Northwest Notes: Beam me up
One common denominator for Sacco has been his success with players he formerly coached when he led Colorado's top minor-league affiliate, the Lake Erie Monsters of the American Hockey League.
Seven current members of the Avalanche -- Matt Hendricks, Chris Durno, T.J. Galiardi, Cody McLeod, Chris Stewart, Kyle Cumiskey and Derek Peltier -- played for Sacco at Lake Erie. Forward David Jones would make it eight, but he may miss the rest of the season with a knee injury.
"I do obviously know the guys better than another coach would, but the bottom line for me at the end of the day is who's playing well," Sacco told the Denver Post. "I think I've been pretty consistent on one thing this year: The guys that are playing well during a particular game play.
"It doesn't matter if you played for me in Lake Erie or you didn't play for me. I try to be pretty consistent that way, but it does make it a little bit easier because they understand how I coach, and I think they understand expectations. I think everyone does."
After the Olympics, the next big event on the hockey calendar will is the March 3 trade deadline. It's a time that will have ramifications for teams hoping to improve themselves before the Stanley Cup Playoffs, as well as for those beginning the process of preparing for next season.
Right now, it looks possible every team in the Northwest Division will be a buyer leading into the deadline. Every team, that is, except the Oilers, who have fallen to the bottom of the Western Conference standings and would need a miraculous run just to draw within sniffing distance of a playoff berth.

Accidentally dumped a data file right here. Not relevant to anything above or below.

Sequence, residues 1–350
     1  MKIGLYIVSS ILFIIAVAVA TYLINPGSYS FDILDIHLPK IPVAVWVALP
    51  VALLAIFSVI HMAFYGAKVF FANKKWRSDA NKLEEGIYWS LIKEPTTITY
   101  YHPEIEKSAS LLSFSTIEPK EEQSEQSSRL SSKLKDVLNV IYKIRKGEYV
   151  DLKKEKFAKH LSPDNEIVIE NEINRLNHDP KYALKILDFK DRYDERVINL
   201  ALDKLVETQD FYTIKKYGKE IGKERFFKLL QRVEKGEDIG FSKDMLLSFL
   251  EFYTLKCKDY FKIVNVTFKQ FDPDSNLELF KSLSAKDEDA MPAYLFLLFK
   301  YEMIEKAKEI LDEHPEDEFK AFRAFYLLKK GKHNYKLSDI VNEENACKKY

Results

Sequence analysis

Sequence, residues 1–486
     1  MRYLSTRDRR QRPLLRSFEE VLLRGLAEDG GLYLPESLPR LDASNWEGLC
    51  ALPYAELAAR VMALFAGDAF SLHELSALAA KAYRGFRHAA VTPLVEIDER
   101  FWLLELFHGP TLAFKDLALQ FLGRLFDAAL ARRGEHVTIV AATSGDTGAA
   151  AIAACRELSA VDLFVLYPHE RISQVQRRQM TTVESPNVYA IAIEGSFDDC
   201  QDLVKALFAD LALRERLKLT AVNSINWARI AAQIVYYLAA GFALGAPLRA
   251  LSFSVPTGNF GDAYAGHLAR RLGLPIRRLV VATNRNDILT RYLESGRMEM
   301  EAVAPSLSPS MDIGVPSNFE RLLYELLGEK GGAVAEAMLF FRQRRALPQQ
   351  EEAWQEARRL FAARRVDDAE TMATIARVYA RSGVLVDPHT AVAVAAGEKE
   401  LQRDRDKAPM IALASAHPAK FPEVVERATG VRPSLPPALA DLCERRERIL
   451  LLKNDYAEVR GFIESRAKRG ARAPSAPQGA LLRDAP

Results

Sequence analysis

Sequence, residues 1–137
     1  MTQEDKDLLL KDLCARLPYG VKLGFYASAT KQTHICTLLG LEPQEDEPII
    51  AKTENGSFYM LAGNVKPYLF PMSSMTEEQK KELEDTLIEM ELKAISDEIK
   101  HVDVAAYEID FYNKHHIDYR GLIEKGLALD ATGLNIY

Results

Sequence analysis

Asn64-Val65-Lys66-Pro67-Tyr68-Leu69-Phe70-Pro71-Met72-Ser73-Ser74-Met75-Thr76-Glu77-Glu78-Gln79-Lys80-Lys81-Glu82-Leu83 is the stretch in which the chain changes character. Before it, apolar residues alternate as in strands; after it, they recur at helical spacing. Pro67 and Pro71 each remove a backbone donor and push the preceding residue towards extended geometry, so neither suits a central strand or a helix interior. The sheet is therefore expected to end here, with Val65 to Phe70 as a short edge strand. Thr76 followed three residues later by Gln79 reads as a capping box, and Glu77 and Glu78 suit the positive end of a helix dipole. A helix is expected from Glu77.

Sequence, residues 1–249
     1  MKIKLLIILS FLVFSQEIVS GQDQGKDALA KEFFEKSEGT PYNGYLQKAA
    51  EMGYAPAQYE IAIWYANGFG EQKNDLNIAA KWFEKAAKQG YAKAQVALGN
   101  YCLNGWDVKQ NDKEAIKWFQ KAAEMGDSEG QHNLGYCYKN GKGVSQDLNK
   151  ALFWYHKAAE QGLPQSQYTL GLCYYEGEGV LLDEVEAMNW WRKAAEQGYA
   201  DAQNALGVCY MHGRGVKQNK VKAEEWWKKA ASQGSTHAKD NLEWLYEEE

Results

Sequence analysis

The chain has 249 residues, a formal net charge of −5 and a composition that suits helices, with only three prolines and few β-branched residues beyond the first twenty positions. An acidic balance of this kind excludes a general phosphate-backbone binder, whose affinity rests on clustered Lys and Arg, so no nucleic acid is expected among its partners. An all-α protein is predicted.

Who might be traded by the Oilers? Would you believe defenseman Sheldon Souray?
In the summer of 2007 Souray disproved conventional wisdom that a highly coveted free agent never would sign to play in Edmonton when he agreed to a five-year, $27-million contract.
Included in that deal was a no-trade clause. But now, the 34-year-old Souray appears prepared to waive the clause if the Oilers want to unload him as they begin rebuilding.
"I came here thinking I'd be here for five years," Souray told the Edmonton Sun. "But I wouldn't at this point hold them back from doing anything that makes the team better. I came here with a goal and you hope to try and see it out, but with where we are right now it's tough to say if in the next three years we're going to see that happen.
"Right now we're having trouble seeing that light at the end of the tunnel. If it does come to a point where they ask me (to OK a trade), I wouldn't hold the team back."
Beam me up -- It appears a Flame is more powerful than a laser beam.
That's the conclusion to be drawn from the Flames' 3-2 shootout victory against the Canucks on Jan. 9 in Vancouver. Flames goalie Miikka Kiprusoff prevailed despite having what was believed to be a laser beam shined in his face at times during the game.
"It was going on all night," Flames coach Brent Sutter told the Calgary Herald. "It was brought to the attention of the refs and security, and it's hard to believe that can go on for 60 minutes in a hockey game and it's not located and not found."
Kiprusoff stopped 19 of 21 shots in the game, plus two of three in the shootout.
"It was a distraction to our goaltender and security did mention they were trying to locate it, but I heard after the game it was spotted on TV where it was at," Sutter said. "So it's too bad it went 60 minutes of a hockey game and never was rectified."